The camera talks to the lock over Zigbee, a wireless protocol utilized by many smart home devices.When a courier arrives with a package for in-home delivery, they scan the barcode, sending a request to Amazon’s cloud. By saving this information as default, you will be changing your login. Twelve years ago, Amazon launched Prime, a subscription service that entitled members to free two-day shipping in the United States.Amazon is planning to sell them in bundles and offer a subscription service for customers who want video archives and advanced home monitoring, putting the product in direct competition with Alphabet’s Nest brand and others in the smart home space, like Ring and Logitech. The Key app and actual delivery service will become available November 8th.All this raises a big question, however: will Prime customers trust Amazon to monitor their homes around the clock, and to know when it’s okay to unlock their doors for a stranger?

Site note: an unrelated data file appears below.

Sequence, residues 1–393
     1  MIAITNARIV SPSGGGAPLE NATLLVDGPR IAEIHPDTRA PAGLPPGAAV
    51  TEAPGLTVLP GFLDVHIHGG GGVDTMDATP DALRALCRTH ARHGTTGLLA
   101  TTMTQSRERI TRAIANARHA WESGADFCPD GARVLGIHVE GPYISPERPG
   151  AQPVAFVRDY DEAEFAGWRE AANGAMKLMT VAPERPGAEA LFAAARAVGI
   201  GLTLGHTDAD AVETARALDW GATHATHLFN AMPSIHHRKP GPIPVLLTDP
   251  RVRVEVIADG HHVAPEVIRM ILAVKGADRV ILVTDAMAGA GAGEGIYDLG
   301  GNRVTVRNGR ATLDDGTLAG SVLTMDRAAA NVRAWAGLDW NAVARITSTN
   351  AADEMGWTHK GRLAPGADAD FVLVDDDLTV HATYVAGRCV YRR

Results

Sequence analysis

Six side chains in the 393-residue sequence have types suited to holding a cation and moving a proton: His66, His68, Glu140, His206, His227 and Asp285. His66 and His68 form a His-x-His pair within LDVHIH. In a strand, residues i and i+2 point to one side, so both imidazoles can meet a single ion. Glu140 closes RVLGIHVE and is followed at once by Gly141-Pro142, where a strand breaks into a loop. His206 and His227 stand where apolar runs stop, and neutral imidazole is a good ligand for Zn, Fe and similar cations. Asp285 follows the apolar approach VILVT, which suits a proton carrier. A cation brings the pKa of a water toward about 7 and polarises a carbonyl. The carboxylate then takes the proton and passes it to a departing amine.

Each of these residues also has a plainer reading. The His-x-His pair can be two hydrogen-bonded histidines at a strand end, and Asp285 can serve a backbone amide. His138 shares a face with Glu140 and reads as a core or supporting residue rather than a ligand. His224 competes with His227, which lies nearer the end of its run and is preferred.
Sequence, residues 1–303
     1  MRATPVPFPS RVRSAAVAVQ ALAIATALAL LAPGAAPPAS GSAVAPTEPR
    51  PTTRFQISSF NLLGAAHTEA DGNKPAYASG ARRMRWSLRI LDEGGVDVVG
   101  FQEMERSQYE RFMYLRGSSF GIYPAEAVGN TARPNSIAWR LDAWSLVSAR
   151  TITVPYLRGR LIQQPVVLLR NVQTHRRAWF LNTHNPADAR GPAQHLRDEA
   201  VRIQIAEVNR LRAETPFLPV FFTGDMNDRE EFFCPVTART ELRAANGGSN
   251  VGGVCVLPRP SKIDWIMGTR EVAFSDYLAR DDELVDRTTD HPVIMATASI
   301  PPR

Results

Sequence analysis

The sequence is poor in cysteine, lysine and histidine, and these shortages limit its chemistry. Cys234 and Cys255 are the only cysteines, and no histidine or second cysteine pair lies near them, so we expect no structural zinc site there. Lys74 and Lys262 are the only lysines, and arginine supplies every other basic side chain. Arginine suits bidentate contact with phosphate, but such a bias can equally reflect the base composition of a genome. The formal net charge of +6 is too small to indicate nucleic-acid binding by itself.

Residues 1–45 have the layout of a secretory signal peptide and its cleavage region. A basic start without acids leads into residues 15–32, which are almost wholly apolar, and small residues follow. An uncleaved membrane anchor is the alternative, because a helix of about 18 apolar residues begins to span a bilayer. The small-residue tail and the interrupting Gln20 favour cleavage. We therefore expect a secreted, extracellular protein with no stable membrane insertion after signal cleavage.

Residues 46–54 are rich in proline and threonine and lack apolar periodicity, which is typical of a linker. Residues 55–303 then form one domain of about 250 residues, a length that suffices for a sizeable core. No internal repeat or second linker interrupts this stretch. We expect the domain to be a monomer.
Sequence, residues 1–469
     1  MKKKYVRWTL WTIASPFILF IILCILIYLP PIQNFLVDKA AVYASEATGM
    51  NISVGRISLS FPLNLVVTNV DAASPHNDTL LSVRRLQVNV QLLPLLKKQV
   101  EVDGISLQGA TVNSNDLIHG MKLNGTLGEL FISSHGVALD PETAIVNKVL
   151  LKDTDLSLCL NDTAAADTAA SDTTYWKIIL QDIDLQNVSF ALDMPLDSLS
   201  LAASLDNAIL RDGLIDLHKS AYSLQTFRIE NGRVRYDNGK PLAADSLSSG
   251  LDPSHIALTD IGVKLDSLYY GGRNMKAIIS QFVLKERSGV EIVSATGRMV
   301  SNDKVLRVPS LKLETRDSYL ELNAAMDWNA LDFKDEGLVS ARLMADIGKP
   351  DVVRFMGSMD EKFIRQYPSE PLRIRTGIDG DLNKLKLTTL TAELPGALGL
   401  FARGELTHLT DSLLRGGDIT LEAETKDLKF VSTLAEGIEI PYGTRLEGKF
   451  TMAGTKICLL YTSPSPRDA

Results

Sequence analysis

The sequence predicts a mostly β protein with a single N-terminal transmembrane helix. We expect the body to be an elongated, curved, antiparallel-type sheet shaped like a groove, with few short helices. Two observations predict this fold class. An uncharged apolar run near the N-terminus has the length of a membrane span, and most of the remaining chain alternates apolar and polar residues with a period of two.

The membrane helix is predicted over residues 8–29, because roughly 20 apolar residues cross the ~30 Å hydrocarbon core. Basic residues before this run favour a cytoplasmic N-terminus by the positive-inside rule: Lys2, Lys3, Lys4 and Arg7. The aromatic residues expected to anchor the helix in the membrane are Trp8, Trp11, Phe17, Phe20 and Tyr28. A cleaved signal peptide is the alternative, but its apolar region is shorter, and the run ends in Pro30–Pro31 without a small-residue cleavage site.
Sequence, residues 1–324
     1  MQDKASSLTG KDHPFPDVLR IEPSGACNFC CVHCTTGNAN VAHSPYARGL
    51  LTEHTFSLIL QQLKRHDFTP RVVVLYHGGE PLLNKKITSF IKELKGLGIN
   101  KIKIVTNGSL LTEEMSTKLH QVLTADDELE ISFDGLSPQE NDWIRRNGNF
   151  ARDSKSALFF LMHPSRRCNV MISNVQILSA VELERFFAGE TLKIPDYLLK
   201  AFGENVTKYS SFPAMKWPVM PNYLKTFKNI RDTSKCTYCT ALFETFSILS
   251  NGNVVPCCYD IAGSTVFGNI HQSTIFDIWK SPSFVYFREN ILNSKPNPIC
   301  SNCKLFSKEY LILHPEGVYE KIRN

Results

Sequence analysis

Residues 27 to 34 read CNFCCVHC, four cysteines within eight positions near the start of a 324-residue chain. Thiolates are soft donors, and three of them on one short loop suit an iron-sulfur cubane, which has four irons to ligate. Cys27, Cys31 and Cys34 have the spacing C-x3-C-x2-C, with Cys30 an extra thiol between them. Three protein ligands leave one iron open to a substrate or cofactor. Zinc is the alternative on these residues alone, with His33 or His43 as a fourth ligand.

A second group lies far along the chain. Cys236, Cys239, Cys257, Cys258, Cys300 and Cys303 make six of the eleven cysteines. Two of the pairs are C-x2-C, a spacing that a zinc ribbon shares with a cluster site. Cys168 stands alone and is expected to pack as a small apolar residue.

So Amazon Key is only available in 37 cities across the US where Amazon Logistics handles the drop-off.If everything checks out, the cloud grants permission by sending a message back to the camera, which starts recording.The courier then gets a prompt on their app, swipes the screen, and , your door unlocks.Amazon is pushing even further into the smart home space, a market it’s made big strides in, thanks to the huge popularity of its Alexa devices.Amazon’s Cloud Cam is a central piece of its Key service, but it’s also just a straightforward home security camera, one that can respond to voice commands and integrates with other Alexa devices.